Background

Patients undergoing noncardiac surgery have varying risk of cardiovascular complications. This study evaluated preoperative N-terminal pro–B-type natriuretic peptide (NT-proBNP) and high-sensitivity cardiac troponin T to enhance cardiovascular events prediction for major noncardiac surgery.

Methods

This prospective cohort study included adult patients with cardiovascular disease or risk factors undergoing elective major noncardiac surgery at four hospitals in China. Blood samples were collected within 30 days before surgery for NT-proBNP and high-sensitivity troponin T (hs-TnT) measurements. The primary outcome was a composite of any cardiovascular events within 30 days after surgery. Logistic regression models were used to assess associations, and the predictive performance was evaluated primarily using area under the receiver operating characteristics curve (AUC) and fraction of new predictive information.

Results

Between June 2019 and September 2021, a total of 2,833 patients were included, with 435 (15.4%) experiencing the primary outcome. In the logistic regression model that included clinical variables and both biomarkers, the odds ratio for the primary outcome was 1.68 (95% CI, 1.37 to 2.07) when comparing the 75th percentile to the 25th percentile of NT-proBNP distribution, and 1.91 (95% CI, 1.50 to 2.43) for hs-TnT. Each biomarker enhanced model discrimination beyond clinical predictors, with a change in AUC of 0.028 for NT-proBNP and 0.029 for high-sensitivity cardiac troponin T, and a fraction of new information of 0.164 and 0.149, respectively. The model combining both biomarkers demonstrated the best discrimination, with a change in AUC of 0.042 and a fraction of new information of 0.219.

Conclusions

Preoperative NT-proBNP and hs-TnT both improved the prediction for cardiovascular events after noncardiac surgery in addition to clinical evaluation, with their combination providing maximal predictive information.

Editor’s Perspective
What We Already Know about This Topic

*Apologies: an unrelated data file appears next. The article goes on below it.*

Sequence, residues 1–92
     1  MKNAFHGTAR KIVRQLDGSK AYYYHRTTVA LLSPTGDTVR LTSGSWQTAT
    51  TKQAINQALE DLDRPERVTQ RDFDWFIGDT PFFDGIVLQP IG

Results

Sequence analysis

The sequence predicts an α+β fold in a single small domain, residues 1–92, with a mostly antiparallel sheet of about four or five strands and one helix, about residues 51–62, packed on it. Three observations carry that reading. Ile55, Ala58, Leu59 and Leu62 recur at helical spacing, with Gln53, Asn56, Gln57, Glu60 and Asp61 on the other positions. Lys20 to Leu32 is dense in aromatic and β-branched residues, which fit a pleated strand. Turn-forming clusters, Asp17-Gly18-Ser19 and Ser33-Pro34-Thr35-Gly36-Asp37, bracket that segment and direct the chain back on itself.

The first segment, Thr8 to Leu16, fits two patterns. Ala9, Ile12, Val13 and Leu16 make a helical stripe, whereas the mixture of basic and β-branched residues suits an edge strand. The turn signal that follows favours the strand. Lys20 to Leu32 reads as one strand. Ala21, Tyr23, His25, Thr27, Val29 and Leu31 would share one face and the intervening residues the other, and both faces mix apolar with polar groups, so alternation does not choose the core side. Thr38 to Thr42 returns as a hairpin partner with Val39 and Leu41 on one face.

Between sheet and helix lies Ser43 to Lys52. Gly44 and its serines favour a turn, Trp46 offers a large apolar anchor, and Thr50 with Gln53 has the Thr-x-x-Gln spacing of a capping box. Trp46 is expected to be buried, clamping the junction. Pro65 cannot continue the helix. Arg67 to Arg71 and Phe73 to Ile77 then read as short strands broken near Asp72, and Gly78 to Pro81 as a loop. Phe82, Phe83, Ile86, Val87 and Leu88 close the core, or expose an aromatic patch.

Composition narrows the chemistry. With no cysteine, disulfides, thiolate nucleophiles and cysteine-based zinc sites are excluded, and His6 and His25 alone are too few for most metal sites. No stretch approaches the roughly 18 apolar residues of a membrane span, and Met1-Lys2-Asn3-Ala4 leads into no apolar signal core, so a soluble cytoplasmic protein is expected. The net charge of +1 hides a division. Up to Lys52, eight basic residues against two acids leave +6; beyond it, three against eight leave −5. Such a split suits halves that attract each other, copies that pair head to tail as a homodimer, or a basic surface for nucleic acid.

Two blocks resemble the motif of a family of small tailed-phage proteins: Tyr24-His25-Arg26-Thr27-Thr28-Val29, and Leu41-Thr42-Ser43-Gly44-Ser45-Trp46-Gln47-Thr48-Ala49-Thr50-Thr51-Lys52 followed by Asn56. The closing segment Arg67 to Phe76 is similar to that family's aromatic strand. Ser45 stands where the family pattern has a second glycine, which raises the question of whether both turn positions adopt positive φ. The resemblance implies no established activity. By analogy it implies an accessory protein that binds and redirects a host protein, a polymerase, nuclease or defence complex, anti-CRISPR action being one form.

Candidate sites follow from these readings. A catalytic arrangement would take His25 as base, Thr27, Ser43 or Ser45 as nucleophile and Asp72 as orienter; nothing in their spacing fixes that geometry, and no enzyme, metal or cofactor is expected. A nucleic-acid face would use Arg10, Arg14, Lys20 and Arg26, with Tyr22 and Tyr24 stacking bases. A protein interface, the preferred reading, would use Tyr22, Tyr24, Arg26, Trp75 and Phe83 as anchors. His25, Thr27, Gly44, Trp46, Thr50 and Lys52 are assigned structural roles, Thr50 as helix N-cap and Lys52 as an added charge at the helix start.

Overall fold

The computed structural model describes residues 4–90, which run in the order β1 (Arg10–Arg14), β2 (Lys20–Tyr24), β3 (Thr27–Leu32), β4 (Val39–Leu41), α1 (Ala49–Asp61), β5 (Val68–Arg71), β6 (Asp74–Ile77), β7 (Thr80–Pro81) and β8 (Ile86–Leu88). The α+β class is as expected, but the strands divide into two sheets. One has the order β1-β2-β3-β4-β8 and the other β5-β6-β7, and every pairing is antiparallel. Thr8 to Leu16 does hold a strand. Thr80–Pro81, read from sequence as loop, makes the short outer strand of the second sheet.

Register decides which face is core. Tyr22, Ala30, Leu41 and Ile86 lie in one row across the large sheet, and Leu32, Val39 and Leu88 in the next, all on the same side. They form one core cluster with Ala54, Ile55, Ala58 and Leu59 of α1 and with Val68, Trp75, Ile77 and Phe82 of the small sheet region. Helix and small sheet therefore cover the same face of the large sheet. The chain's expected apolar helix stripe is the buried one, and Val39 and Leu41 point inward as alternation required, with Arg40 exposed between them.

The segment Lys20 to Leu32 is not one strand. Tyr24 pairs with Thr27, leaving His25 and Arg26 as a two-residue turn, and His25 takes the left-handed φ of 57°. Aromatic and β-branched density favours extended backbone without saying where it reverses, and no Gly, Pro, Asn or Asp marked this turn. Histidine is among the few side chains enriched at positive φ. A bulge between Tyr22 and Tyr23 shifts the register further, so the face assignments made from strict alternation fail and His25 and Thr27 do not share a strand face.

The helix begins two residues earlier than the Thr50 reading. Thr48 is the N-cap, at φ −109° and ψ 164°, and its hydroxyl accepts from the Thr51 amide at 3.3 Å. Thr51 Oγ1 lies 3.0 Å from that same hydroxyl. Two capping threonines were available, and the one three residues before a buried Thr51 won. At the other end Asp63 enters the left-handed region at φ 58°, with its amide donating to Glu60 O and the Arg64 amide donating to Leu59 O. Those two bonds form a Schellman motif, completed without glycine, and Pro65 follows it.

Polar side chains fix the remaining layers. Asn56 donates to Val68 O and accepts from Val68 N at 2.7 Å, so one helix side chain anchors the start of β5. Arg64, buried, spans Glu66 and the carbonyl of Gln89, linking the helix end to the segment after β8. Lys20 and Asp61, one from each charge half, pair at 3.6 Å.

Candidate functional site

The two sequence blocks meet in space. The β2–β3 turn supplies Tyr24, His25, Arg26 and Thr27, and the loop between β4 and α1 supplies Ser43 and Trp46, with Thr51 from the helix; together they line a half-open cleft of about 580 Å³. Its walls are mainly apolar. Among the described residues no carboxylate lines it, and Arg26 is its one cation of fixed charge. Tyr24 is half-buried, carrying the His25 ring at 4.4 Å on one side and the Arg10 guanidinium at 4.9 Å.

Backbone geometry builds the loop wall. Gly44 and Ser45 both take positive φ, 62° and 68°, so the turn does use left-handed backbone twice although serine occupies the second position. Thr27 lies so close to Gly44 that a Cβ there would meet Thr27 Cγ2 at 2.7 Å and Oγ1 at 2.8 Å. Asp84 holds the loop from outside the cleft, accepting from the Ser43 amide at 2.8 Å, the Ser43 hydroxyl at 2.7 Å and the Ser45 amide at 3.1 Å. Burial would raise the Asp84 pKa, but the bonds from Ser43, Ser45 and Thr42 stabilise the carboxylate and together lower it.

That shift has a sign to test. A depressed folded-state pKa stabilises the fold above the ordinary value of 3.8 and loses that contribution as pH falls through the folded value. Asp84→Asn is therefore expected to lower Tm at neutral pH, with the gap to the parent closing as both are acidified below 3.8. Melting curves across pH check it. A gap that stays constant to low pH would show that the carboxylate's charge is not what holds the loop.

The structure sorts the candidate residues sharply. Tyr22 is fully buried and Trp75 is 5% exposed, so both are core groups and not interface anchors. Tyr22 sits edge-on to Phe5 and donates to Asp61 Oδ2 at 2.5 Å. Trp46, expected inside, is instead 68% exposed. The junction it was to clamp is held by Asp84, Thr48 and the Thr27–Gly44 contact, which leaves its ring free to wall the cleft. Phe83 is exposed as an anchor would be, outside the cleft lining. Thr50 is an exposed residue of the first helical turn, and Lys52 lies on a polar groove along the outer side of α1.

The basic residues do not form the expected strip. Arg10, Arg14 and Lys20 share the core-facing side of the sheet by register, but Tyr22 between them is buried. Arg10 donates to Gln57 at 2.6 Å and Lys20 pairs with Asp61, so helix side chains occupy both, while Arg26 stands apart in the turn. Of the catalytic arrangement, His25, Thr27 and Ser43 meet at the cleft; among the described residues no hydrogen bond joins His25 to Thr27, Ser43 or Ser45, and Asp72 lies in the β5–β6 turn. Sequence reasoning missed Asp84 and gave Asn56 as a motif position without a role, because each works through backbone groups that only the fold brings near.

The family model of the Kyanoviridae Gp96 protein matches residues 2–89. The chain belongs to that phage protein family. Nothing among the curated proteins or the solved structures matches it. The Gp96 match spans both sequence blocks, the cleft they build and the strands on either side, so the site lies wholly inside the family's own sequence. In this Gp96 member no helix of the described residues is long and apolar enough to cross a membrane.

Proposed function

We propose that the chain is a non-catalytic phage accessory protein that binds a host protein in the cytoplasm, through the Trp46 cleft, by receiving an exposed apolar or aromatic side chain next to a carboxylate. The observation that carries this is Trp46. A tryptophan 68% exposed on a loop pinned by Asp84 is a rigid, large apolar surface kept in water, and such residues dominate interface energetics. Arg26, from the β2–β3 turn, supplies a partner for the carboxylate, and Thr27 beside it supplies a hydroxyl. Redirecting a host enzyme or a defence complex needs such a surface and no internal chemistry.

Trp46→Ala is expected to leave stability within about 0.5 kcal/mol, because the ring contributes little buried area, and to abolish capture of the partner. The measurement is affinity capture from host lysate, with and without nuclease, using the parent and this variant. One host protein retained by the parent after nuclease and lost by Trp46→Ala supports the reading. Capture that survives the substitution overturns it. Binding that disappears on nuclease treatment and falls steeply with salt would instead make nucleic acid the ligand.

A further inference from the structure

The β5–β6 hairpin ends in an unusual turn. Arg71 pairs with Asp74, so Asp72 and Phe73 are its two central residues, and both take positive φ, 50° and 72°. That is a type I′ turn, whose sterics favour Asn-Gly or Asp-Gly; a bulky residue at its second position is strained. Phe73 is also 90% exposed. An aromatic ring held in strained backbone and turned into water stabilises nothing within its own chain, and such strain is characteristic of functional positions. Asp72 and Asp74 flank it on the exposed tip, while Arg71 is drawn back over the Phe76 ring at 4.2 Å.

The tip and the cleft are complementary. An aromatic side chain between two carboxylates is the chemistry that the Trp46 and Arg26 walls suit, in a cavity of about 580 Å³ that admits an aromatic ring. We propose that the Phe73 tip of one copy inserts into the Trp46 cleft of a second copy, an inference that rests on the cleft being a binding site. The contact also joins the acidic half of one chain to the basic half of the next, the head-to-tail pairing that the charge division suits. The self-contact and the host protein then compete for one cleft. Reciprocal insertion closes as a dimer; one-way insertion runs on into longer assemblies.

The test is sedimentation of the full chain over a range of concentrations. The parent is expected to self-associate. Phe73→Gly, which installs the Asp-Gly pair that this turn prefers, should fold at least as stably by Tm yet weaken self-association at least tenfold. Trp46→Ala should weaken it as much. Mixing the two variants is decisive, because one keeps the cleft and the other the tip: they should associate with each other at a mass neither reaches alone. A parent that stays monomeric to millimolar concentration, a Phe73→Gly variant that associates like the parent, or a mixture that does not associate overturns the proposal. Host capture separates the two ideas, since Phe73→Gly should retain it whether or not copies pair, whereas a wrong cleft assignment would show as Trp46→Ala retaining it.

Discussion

• Previous studies have shown that elevated preoperative plasma B-type natriuretic peptide (BNP) and N-terminal pro-BNP (NT-proBNP) are associated with significantly increased adverse cardiovascular outcomes in noncardiac surgical patients, even after adjusting for known clinical risk factors.

  • It is well established that early elevation in postoperative troponin significantly and independently associates with increased adverse postoperative events in noncardiac surgical patients.

  • Fewer studies have assessed for a significant and independent association between elevated preoperative plasma high-sensitivity troponin T (hs-TnT) and increased adverse cardiovascular events after noncardiac surgery.

What This Article Tells Us That Is New
  • This cohort study used clinical data and plasma samples from 2,833 patients who underwent major noncardiac surgery to assess the ability of preoperative NT-proBNP and hs-TnT to predict postoperative adverse cardiovascular events.

  • Both elevations in preoperative NT-proBNP and hs-TnT predicted significant increase in the study’s composite adverse cardiovascular outcomes. The two biomarkers were similar in performance when adjusted for the Revised Cardiac Risk Index, and they both added to predicting adverse postoperative outcomes when considered together in logistic regression modeling.

  • This study indicates that increases in both preoperative NT-proBNP and hs-TnT significantly predict patients who experience adverse cardiovascular events after major noncardiac surgery.

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